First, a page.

Friday, April 23, 2010

Broken Record

Over the past few months (um, 8, in case anyone's actually counting), I have had a lot of time to observe the weird inner workings of this process we call "waiting for transplant." It's definitely a crazy system, filled with its own quirks and politics and lifestyle adjustments. And one of the strangest of these that I've identified so far is something I have come to term "broken record syndrome" (BRS).

BRS, I have learned, is a highly contagious disorder characterized by an almost compulsive need to repeat the same stories multiple times, often to the same select group of people. This nasty little critter feeds on the curiosity of well-meaning friends and relatives and, oddly enough, on facebook status updates, which cause it to multiply and spread at a startling rate. And, like most opportunistic infections, BRS is far more common in the chronically ill, and more common still in those of us faced with a life-threatening and yet life-saving surgery. It also seems to inevitably flare up after each successive dry run. Interestingly, although BRS involves the retelling of the same story over and over (and over) again, another odd symptom is that the story itself seems to vary significantly from one retelling to another. At times BRS makes one prone to wild exaggeration, turning a simple dry run into a near-death experience replete with crazed anesthesiologists and dramatic background music. Other retellings of the same experience involve an almost laughable apathy and lack of emotion, reducing the 10 hour ordeal to a mere run-of-the-mill night at the hospital during which you just happened to be poked with 4 separate arterial lines. And neither story is inaccurate, as BRS apparently makes one as prone to mood swings as you might expect from a large-scale prednisone taper.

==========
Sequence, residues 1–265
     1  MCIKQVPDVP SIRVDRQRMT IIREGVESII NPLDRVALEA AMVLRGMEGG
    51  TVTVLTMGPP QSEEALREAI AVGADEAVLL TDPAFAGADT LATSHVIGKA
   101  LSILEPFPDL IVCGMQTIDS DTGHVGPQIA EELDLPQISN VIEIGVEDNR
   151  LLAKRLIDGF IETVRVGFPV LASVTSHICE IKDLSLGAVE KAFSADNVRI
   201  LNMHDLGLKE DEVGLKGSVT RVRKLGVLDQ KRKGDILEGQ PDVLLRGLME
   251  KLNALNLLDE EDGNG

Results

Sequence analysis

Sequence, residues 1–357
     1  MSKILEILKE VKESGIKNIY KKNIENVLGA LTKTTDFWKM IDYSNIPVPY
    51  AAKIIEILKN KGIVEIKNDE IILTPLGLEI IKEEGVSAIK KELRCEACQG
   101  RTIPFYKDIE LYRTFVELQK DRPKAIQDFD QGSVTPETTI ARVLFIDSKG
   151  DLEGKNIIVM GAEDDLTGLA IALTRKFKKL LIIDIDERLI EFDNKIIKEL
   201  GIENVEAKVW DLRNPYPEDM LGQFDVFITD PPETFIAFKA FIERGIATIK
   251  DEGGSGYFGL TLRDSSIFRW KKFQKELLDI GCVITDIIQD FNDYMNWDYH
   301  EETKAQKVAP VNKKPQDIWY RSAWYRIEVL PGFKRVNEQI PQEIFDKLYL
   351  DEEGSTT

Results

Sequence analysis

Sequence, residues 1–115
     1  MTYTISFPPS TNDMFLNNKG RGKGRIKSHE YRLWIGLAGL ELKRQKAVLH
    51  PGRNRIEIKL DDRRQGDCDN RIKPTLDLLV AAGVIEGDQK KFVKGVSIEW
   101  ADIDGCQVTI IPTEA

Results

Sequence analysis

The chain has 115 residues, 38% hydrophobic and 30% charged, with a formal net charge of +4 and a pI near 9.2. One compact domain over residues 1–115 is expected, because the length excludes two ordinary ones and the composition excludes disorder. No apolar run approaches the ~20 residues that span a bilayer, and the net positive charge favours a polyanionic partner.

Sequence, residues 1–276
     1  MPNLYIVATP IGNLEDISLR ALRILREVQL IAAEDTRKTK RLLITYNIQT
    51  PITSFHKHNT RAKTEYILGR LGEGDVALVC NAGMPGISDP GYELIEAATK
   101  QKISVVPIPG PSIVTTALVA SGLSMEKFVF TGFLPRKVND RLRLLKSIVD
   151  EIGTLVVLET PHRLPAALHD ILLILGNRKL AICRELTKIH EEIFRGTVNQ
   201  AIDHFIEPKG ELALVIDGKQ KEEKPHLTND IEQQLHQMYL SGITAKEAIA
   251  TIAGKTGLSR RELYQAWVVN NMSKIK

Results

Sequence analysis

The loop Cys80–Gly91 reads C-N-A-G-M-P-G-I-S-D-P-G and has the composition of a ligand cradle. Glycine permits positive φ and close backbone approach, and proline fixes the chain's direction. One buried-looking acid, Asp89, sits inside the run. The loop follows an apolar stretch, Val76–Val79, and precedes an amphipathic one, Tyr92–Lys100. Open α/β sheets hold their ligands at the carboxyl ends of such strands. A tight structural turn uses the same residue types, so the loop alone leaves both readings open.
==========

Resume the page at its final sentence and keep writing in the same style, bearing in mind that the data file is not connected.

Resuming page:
At this point I'm fairly certain that I have one of the most advanced cases of BRS ever recorded.